Now, for what I've learned in all the years since 1994 and how it applies to today without flashbacks and cool soundtrack.  Success is never guaranteed but unless you try, I mean really give it your all and take that chance when offered, failure is.

So why am I thinking about this now, tonight?  Because in 9 days, 22 hours and 20 minutes it will be November 1st - the first day of National Novel Writing Month 2011.

NaNoWriMo has taught me a great deal over the past 5 years.  Participating in NaNoWriMo made me face that fear of success and showed me that I could indeed write a 56K word novel with a beginning, a middle and an end.  That the novel could be good - maybe not fantastic or even something that is worthy of agents (yet) - but good enough to have all my alpha readers tell me they liked it.  It also taught me that I could write a 100K novel that will never see the outside of a drawer, that I have more ideas for stories and books than I know what to do with and that I can do the same thing more than once.  What it hasn't taught me yet is how to focus my time and energy into writing - a dream I have had since I was in 3rd grade - outside of November.

Don't get me wrong, I've been writing this year.  I am so excited about the dystopian trilogy I have started, even 12K words into it...but I am only 12K into it.  I am also excited beyond belief to be pulling out an old friend - that pilot script that got my writing partner at the time and I in front of an agent - revising it and looking into podcasting it, but all I have done so far is scan in the old script and a bit of world building.  Oh, and then there is the third project that I have on a burner - a fun, silly, somewhat satirical look at science and funding, but I am just still playing with the idea.  Note all the times I have written "but."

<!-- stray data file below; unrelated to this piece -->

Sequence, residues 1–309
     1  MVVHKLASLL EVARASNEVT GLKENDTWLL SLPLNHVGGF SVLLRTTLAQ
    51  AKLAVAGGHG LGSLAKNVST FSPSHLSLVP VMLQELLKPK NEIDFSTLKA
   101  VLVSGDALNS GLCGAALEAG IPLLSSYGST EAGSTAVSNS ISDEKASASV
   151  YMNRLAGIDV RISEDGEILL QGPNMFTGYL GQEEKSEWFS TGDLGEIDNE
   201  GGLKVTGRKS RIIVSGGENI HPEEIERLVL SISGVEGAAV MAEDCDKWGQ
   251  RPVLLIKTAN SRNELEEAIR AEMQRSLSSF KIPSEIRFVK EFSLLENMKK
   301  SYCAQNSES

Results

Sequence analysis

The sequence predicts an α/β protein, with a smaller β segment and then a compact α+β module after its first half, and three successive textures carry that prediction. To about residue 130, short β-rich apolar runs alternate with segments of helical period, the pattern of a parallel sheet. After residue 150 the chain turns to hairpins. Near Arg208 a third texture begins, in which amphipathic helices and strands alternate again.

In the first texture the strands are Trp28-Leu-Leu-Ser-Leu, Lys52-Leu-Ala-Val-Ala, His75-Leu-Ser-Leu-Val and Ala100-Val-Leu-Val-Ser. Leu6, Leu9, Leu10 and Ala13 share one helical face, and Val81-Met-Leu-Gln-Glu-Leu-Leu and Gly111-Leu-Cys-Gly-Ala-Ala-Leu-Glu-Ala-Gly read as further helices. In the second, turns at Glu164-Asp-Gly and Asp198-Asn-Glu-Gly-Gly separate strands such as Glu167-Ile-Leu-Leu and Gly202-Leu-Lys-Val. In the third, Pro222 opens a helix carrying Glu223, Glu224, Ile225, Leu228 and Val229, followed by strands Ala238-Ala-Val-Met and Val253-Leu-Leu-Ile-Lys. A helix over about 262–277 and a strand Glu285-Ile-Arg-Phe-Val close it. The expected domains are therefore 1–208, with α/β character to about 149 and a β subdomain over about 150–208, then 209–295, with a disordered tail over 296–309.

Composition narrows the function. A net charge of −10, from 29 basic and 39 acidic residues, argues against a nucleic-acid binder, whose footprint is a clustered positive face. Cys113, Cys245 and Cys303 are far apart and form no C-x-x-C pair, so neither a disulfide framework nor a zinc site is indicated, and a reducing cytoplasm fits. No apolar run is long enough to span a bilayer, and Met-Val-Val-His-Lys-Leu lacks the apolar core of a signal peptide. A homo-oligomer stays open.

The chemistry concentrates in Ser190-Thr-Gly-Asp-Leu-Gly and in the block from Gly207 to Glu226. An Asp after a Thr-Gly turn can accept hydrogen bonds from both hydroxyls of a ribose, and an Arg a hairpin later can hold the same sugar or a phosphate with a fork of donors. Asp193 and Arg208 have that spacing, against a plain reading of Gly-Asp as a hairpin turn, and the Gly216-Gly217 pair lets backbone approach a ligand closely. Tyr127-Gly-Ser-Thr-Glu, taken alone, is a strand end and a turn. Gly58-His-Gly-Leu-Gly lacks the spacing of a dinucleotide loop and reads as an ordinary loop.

This is not meant to be a post where I trash myself or my resolve, although I will admit that it probably appears to be that way.  Rather, this is a promise to myself and to you, my friends and readers, that I will learn the lesson from my past and face my fear.  You see, I have already lived through it many times over and learned that I can't really fail unless I never try.

Oh - and that fear of success?  If I just stay true to myself and don't focus on what other people think of me, I just may find that they like me better than I thought they did.  It took my 20th college reunion for me to realize that one.  Thank you, Randolph-Macon, for teaching me yet one more lesson in life.  And for all my friends who I saw for the first time in 20 years last weekend - it was wonderful, I loved it and I am so glad we came down.  It took just 3 hours reconnecting with you for me to learn that lesson that someone had been trying to teach me for years and I am grateful.

So, in 9 days, 22 hours and 6 minutes - please cheer me on, kick me in the tail and tell me I can do it again.  Then on December 1, ask me how many words I wrote that day because I really can't stop on November 30 if I want to succeed.